Indeed, in Angola it was well known to the men of EO that these so-called blue-helmeted soldiers would, once they arrived to keep the peace, snivel in their bases and send back false area intelligence and patrol reports to their headquarters in Luanda. These reports, which the EO signallers intercepted – and which I still have in my possession - showed what true peacekeeping incompetence is. Even worse, they gave the rebels glowing reports while blaming government forces for any cease-fire violations when the opposite was true.
Had that same situation occurred anywhere in Europe or even the USA, the besieged government would have been helped to defeat any rebel movement aimed at overthrowing or destabilising it. But this does not happen in Africa. Here both sides are supported by the UN and some Western governments/multi-nationals and then a decision is made as to who the winner is likely to be and then that side is supported – until they are overwhelmed. The UN is able to switch sides faster than one can throw a light switch. After all, Africa is mainly black with a couple of whites thrown in – so why would they care? At the end of the day, these lives – be it black or white – are just expendable Africans as far as they are concerned.
Just look what the UN actually achieved in Angola: The rebels, defeated on the battlefield, signed the peace accord in Lusaka, the peacekeepers arrived, confined everyone to base, forced the military to disarm while quietly (and knowingly) allowed the rebels to re-arm and then, when the war broke out again, they fled with their tails between their legs, blaming the government for defending itself. Is that peacekeeping or chaos-creation?
They also successfully applied a similar strategy in Sierra Leone, eventually losing so much control that the British and US had to race to the rescue. Before the DRC, this was their largest mission which they eventually hailed as a great triumph to peacekeeping. If one really looks at what happened in Sierra Leone, the UN is solely to blame for massive loss of life and destruction to personal property – to say nothing of the trauma, disillusionment and refugees they left in their wake.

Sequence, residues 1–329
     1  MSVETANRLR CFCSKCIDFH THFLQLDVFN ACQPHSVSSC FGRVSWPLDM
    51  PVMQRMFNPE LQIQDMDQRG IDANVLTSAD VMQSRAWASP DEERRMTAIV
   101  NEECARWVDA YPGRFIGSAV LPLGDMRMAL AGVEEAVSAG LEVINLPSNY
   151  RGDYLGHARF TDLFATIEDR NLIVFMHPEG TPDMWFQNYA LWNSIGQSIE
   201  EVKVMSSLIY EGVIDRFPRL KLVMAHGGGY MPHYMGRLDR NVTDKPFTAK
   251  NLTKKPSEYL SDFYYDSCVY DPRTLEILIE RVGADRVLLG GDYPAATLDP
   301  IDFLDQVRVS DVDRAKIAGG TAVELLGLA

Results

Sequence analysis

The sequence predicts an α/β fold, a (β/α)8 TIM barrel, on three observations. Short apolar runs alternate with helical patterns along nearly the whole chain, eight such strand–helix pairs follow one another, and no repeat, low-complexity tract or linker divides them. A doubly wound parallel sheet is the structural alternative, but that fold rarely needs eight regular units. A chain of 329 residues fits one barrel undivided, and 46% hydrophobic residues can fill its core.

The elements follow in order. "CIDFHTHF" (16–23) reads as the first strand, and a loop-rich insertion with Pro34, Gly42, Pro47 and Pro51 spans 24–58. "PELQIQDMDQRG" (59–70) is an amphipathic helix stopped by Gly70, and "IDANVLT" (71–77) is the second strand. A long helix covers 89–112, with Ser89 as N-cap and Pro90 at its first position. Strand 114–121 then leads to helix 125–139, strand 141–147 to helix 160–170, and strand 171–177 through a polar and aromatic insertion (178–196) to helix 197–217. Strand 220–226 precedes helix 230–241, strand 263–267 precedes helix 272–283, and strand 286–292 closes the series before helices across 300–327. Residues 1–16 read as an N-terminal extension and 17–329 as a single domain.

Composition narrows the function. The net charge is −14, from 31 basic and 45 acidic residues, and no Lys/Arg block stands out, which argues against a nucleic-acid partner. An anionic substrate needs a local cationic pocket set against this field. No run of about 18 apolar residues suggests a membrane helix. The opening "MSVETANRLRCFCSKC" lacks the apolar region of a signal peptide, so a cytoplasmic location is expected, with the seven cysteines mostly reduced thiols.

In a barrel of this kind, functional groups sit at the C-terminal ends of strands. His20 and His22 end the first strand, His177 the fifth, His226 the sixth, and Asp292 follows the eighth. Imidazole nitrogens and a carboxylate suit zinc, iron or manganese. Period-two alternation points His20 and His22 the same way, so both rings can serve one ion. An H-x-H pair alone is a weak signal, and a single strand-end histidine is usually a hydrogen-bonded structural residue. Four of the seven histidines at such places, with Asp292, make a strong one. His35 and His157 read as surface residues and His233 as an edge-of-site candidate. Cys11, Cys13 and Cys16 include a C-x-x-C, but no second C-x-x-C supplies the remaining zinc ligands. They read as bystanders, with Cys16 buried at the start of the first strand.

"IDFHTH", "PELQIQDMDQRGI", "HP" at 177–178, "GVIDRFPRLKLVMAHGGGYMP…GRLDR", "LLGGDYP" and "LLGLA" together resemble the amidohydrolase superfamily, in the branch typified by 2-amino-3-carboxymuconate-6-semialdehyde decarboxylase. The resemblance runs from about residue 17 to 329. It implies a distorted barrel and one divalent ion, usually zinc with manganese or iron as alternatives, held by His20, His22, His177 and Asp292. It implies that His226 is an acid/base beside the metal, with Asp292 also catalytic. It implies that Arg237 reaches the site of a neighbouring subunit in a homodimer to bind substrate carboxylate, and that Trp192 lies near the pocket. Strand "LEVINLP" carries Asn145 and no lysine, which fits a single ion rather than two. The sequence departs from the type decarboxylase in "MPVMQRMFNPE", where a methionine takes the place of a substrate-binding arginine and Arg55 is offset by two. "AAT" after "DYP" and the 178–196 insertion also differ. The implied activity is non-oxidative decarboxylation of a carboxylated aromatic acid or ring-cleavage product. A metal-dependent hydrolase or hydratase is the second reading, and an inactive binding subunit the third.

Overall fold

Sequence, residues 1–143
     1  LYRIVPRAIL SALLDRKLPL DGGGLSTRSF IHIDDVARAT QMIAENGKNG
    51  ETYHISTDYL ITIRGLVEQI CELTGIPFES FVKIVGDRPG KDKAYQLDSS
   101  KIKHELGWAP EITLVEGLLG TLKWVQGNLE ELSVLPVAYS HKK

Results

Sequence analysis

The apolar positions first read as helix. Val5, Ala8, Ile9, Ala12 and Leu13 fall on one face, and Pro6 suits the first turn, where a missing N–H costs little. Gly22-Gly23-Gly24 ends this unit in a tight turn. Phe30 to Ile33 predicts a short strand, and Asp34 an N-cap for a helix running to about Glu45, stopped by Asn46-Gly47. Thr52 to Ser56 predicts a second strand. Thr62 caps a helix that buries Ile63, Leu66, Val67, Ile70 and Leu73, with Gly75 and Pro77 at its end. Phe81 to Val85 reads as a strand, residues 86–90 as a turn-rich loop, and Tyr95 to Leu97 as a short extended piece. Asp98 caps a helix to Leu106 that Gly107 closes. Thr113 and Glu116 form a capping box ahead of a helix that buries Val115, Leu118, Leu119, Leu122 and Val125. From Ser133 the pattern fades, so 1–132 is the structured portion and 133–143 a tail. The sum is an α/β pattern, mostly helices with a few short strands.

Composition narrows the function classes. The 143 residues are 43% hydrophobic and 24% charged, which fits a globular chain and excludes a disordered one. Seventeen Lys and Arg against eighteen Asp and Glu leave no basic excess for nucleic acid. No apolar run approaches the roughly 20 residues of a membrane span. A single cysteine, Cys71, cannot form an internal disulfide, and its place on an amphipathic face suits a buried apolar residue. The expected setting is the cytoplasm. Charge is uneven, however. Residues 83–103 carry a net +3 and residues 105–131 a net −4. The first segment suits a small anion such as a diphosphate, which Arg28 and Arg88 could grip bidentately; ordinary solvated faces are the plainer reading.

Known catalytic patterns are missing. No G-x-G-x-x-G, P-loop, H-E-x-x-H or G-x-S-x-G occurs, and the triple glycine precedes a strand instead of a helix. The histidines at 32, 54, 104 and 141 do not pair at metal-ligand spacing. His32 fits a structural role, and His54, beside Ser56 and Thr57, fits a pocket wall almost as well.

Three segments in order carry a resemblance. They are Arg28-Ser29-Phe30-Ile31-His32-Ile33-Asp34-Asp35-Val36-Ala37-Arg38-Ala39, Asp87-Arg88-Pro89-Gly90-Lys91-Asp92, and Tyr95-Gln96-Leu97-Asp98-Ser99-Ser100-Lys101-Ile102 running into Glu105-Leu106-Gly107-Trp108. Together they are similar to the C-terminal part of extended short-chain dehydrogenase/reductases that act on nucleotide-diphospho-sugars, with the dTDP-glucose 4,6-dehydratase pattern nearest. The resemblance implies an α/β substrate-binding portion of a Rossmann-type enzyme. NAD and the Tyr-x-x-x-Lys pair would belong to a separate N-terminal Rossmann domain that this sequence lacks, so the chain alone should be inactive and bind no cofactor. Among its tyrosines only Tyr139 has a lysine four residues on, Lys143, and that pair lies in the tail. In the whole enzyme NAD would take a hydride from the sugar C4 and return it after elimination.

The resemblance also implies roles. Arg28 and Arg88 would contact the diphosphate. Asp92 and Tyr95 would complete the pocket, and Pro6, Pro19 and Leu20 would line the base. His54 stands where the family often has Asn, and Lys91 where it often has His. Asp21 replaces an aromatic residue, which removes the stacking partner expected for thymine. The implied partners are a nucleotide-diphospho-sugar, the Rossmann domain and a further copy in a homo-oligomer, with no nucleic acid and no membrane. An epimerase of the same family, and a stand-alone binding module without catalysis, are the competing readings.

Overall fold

Their record of indulging in criminal acts is also well documented – child prostitution, looting, rape, robbery and even murder are seemingly part of their peacekeeping portfolio. Perhaps the time has come for governments to start speaking out against the UN’s blundering and fuelling of fires. African governments should hold the UN accountable when they fail as dismally as they do.
It would furthermore do African leaders well to contract reliable PMCs to assist them with redefining containment strategies and implementing those strategies. The UN’s peacekeepers can then be expelled from African soil. This will ensure that there is a definite timeline for ending the conflict. Apart from the fact that it will cost a fraction of what it costs the UN – the DRC costs are currently estimated to be US$ 1,2 billion a year - it will also ensure commitment to complete the mission and there will be accountability to the contracting government – something the UN has neither of.
My next posting will take a brief look at the piracy problem off Africa’s east coast.